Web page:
The media and analysts have been reporting more and more positive indicators for the housing market recently, suggesting that its revival is continuing, albeit not in equal measure across the whole country.
Property prices are rising at the fastest pace since 2011 and are 1.1 percent higher than a year ago according to Nationwide building society. They claim low mortgage rates and the government’s Funding for Lending Scheme have helped boost sentiment.
However, many economists and analysts are actually forecasting a fairly flat housing market until real incomes rise, which will not be for a while. At some stage interest rates will have to return to normal too however again it is not for some time and therefore the market should remain fairly flat until then.
In the meantime, however, when analysing the UK market, one has to consider London as a separate entity as really it is a global city.
According to the property website Rightmove, the housing market divide is growing even wider. For the first time, the asking price for an average house is three times as much in the capital as it is in the north. And forecasters from the Centre for Economics and Business Research (CEBR) show London is set to record a total house price growth of 30.9 percent over the next five years.
This meteoric rise has been fuelled by foreign investors and a shortage of available properties. The result is that prices in prime central London are 7.2 percent above the 2007 peak. In May alone London residential prices increased by 0.3 percent in May and are up 3.2 per cent so far in 2013.
Everything goes through cycles and there seems little doubt now that the economic climate favours strong assets and well located London property is regarded as a favoured asset class by UK residents and foreign investors. There are a number of reasons for this – very low interest rates, a cheap pound, lack of confidence in other investment classes, a relatively stable political environment and a desire to keep a stake in the worlds prime financial centre to name a few.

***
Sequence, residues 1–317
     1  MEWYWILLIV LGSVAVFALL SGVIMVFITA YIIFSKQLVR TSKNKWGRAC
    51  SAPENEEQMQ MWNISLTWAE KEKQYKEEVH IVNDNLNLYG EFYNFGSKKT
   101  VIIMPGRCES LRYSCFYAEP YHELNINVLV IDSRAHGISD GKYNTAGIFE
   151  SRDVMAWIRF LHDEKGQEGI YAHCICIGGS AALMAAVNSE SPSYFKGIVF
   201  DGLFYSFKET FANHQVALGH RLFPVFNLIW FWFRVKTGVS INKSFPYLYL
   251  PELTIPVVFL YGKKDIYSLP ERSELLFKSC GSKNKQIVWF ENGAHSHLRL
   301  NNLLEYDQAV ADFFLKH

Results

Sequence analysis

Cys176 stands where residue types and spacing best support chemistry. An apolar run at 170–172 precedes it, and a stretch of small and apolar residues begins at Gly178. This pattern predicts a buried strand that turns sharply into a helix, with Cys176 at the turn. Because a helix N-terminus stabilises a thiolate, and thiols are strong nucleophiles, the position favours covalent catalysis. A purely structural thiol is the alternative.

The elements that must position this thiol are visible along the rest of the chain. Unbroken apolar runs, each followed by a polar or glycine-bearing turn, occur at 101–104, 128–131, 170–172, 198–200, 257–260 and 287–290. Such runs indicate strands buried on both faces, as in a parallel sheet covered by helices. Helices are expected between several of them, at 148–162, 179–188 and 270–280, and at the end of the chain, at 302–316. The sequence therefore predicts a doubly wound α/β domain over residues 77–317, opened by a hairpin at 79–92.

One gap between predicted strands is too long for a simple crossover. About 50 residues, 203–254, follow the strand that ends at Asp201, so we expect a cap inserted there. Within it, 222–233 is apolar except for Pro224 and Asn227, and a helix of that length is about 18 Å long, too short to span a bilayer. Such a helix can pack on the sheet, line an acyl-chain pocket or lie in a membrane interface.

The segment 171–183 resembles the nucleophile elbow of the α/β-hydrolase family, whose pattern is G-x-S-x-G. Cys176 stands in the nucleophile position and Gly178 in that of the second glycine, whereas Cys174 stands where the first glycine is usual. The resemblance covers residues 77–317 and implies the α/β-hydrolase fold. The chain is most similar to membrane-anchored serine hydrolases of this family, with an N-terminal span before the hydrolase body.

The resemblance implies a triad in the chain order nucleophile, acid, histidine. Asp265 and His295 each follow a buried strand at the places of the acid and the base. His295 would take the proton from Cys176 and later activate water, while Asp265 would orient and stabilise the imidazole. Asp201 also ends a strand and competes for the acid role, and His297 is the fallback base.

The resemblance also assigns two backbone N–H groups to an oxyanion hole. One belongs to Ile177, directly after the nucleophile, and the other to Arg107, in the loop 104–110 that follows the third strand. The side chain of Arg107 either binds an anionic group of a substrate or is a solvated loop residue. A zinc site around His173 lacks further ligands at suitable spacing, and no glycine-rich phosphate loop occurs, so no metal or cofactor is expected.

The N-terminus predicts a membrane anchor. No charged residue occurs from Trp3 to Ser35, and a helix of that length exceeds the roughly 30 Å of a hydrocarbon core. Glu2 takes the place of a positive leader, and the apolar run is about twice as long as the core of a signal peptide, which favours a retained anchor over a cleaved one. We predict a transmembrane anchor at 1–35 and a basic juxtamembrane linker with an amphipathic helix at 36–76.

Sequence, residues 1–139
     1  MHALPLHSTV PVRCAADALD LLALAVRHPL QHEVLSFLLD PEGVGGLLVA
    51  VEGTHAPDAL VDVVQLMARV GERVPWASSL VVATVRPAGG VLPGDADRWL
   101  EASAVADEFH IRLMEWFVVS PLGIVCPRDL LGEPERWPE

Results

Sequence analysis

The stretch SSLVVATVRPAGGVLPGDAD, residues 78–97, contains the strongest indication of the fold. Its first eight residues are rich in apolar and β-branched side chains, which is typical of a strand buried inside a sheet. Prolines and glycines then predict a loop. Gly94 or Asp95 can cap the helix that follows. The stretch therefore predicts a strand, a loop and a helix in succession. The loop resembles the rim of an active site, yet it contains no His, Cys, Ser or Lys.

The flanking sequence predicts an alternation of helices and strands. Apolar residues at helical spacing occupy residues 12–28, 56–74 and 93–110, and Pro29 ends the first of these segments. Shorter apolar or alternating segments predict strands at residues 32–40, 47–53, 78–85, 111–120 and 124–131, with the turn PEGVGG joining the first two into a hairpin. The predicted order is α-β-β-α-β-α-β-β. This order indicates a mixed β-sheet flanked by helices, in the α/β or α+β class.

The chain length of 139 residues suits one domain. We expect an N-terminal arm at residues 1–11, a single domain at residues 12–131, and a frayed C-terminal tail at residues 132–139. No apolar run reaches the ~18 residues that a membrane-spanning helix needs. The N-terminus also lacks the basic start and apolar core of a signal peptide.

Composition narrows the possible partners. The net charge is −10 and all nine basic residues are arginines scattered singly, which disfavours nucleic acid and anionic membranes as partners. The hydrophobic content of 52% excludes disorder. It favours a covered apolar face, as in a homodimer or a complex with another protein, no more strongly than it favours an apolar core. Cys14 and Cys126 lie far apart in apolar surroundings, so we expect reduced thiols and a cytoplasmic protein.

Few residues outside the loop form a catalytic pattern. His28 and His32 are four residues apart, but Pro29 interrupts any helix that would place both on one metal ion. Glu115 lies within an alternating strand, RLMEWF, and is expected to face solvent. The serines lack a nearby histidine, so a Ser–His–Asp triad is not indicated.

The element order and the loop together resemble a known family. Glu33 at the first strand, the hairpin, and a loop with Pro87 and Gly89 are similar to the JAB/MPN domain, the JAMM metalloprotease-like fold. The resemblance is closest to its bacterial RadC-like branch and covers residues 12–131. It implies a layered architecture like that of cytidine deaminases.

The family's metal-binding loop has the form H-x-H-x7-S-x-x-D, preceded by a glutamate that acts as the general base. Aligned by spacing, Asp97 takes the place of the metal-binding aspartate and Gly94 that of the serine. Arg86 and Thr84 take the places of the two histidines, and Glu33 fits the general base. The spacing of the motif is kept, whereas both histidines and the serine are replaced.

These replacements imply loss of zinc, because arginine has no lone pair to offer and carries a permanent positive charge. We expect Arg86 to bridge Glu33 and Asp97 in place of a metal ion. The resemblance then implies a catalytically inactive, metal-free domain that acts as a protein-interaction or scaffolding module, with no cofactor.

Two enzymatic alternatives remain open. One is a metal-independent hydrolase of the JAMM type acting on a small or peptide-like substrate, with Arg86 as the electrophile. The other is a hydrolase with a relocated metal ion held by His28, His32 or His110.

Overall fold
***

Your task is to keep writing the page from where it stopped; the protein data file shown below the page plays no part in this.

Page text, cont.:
By contrast, in many other regions prices are well down. For example, in the North West and Yorkshire, they are now more than 20pc below their peak, and they have fallen by more than 25pc in the North East.
Is it a return of a housing boom in London? Not in my opinion, as the actual number of sales is still limited by the scarcity of new sellers.
In London, agents are reporting that May has seen demand levels increasing but the shortage of stock is causing transaction levels to remain low. However, despite some improvement in the supply of property coming onto the market, the growing demand from buyers is ensuring that prices continue to rise. However, with more property coming onto the market agents expect this growth spurt to ease as we head into the summer months and growth forecasts for the rest of the year will be at a slower rate.
According to Liam Bailey, Global Head of Knight Frank Residential Research, there’s growing evidence that buyers are less willing to commit to homes with over-ambitious price tags. The strength of the sub-£2m sector provides one indication that buyers are becoming more price sensitive.
There are two particular types of property which seem to be most in demand. Those which have been renovated in a contemporary style and therefore ready for immediate occupation or properties in need of modernisation where buyers can create their dream home.
In addition, the desire among buyers for a lateral living has contributed to higher than average price growth for flats over the past few years and this trend has continued in 2013.
The rental market is showing strong activity and after a slightly more sluggish period earlier in the year, tenants are competing for good quality houses and flats to rent. A lack of good quality rental stock has seen well-presented properties being let very quickly.
Both the sales and lettings markets continue to strengthen in London and consumer confidence in the housing market, in general, is improving. Furthermore, the various Government-sponsored schemes are clearly helping to loosen the mortgage market and buyers have never had such a range of favourable fixed rate deals from which to select.
As a London search agent, I have been witnessing and reporting monthly that the shortage of new properties coming to the market and the rapidly rising levels of buyer interest had created a seller’s market and that this was leading to increased house prices. This has not changed. If you are considering selling now is a good time as the market is as strong as it has been since the peak of 2007. If you are a buyer I suggest getting your finances in order and be prepared to act quickly and decisively to secure the property you want.